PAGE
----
ALLIGATOR LIGHTHOUSE – Community treasure needs saving

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Larry Herlth and Capt. Rob Dixon swimming to the Alligator Lighthouse. CONTRIBUTED

Nothing’s going to be cheap about the work that “Lighthouse Larry” Herlth says is needed to restore and maintain an Islamorada treasure in Alligator Reef Lighthouse. 

Herlth, an advocate and artist who’s built lighthouse replicas, came before council on Nov. 29 to discuss his desire to acquire the lighthouse that’s located 4 nautical miles east of Indian Key, just north of Alligator Reef near the Matecumbe Keys. Built in 1973, it’s named after the U.S. Navy schooner Alligator, which was used to protect the Florida straits against pirates and slave ships. The ship went aground in 1822 and was blown up after removing as much as possible to prevent use by pirates. 

The U.S. Coast Guard, which controls lighthouses in the Keys, declared that Alligator Lighthouse wasn’t needed any more. Congress passed the National Historic Lighthouse Preservation Act in 2000 to establish a lighthouse preservation program. The General Services Administration, which preserves government buildings and manages real estate, is looking to give Alligator and four other lighthouses in the Keys to nonprofits or government agencies at no cost, so long as they agree to preserve the light’s historic features and make them accessible to the public.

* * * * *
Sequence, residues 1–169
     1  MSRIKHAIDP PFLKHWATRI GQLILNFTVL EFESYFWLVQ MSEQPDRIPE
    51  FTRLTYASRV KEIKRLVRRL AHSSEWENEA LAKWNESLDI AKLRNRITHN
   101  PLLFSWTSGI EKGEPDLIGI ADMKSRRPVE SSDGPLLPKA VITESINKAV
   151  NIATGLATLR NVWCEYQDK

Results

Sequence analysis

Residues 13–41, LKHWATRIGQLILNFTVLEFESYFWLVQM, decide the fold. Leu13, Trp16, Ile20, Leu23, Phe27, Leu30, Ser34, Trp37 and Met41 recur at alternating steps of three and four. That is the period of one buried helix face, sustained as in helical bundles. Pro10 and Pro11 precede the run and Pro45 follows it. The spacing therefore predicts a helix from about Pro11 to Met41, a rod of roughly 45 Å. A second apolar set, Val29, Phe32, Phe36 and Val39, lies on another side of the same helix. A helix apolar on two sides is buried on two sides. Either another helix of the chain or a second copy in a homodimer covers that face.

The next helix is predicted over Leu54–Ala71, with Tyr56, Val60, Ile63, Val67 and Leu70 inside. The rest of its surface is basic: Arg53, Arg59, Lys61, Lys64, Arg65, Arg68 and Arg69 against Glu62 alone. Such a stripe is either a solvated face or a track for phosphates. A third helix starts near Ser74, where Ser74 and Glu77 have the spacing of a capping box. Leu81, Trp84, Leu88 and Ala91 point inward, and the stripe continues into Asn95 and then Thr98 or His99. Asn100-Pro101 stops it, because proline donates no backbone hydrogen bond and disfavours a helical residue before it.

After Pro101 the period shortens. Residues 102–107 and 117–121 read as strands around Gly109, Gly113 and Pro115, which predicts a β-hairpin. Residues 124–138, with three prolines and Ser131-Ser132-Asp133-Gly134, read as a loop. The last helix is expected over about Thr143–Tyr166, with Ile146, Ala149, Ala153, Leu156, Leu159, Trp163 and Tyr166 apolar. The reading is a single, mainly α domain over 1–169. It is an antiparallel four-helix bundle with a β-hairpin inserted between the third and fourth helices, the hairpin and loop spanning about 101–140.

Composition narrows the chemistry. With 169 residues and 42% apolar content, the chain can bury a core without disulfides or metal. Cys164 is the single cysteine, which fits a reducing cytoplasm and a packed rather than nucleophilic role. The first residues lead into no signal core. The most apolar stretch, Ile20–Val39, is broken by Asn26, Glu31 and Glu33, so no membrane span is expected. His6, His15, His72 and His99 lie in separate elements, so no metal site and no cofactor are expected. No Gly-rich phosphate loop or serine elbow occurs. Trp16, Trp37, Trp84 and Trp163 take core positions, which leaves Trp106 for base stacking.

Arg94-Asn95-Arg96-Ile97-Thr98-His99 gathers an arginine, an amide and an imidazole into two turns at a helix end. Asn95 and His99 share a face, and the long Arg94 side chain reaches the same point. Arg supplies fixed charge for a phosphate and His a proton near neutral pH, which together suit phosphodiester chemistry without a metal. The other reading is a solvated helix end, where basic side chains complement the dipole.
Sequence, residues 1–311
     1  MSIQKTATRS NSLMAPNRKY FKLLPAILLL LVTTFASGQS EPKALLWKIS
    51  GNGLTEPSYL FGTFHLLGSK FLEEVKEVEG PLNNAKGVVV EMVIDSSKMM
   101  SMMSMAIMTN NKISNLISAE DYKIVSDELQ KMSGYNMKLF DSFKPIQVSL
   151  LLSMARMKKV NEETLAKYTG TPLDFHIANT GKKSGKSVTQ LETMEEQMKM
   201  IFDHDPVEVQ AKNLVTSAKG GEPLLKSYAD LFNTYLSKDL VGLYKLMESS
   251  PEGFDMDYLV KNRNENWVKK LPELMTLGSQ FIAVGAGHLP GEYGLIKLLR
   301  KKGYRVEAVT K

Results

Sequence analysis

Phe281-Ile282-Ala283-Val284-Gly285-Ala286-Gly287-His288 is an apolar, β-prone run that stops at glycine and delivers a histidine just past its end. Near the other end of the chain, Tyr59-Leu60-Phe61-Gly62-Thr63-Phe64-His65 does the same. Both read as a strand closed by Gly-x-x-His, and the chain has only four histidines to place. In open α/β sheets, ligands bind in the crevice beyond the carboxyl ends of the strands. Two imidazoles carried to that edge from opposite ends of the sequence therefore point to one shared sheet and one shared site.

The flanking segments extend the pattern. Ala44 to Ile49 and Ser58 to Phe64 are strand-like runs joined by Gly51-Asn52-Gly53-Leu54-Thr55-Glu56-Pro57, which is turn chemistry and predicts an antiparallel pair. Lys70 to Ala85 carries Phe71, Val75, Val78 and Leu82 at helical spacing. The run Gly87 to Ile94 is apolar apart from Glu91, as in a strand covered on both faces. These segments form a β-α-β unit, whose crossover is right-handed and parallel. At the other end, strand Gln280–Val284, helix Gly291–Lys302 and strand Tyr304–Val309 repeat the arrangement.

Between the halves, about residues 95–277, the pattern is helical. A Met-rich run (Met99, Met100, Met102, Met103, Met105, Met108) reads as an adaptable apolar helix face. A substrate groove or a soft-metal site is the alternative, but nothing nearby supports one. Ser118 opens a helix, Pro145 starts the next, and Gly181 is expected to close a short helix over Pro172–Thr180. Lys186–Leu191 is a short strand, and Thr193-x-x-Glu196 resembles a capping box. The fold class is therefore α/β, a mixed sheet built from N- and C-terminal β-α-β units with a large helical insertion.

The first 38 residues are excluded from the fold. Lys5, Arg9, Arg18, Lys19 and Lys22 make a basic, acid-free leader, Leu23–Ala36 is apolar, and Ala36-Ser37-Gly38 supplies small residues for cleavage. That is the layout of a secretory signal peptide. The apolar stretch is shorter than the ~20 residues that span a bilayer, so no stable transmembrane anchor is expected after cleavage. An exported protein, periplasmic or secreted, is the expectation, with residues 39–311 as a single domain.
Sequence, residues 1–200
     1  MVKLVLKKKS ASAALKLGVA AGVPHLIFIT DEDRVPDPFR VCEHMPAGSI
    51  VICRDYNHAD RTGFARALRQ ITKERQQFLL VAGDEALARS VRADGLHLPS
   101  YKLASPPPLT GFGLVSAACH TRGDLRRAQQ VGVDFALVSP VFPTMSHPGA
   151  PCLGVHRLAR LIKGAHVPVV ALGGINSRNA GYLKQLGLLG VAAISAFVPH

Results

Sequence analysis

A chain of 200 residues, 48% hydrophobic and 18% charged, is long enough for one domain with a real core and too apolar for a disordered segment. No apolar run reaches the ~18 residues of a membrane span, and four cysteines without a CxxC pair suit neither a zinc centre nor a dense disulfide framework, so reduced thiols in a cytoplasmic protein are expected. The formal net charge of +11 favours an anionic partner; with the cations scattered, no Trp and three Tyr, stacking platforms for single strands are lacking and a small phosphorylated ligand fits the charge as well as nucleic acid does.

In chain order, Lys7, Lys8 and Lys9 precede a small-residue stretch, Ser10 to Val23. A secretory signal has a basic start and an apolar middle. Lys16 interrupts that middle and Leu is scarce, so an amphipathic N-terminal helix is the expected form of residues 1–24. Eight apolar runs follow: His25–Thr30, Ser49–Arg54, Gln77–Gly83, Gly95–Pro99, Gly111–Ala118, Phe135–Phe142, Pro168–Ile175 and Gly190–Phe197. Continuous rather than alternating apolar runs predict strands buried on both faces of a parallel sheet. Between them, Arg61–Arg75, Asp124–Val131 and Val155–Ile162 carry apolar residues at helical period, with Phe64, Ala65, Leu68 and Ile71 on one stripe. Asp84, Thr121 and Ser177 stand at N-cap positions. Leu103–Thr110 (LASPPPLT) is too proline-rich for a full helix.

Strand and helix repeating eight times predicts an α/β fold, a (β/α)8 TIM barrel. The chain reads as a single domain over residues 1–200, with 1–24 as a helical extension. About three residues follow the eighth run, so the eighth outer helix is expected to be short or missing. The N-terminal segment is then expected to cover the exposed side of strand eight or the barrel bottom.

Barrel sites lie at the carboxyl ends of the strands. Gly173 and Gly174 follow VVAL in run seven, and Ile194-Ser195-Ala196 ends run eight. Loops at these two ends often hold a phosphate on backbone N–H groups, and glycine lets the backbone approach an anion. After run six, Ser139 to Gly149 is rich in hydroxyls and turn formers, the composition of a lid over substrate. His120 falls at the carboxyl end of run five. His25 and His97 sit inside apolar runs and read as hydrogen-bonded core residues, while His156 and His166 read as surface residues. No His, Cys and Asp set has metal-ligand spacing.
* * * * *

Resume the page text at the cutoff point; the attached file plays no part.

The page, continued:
One of the big issues, however, is the millions of dollars it would take to improve the conditions of lighthouses like Alligator Light. Herlth said he’s been asked by many people what the cost would be to restore the lighthouse.

“If I had $2 million for repair, you would virtually see hardly anything done on it,” Herlth said. “You’re looking at $4 million to $6 million minimum and $100,000 plus a year to maintain. It’s a daunting figure, but it’s part of our maritime history.”

Herlth noted that the lighthouse took some damage to a platform and a walkway in Hurricane Irma. He said it’s getting to a point where something has to be done. 

“Thousands of people snorkel and spend time each year at Alligator Lighthouse, so it’s definitely a vital part to this community,” Herlth said. “It’s our crest to the village.”

Groups looking to obtain the lighthouse must submit plans and meet certain criteria. If they don’t, then it would go to an online bid. 

Of all lighthouses in the Keys, Herlth said, Alligator Light is in the best shape. While he’s interested in managing the lighthouse, he said he would back any nonprofit that’s working to do the same.

“They will have me wholeheartedly,” he said.

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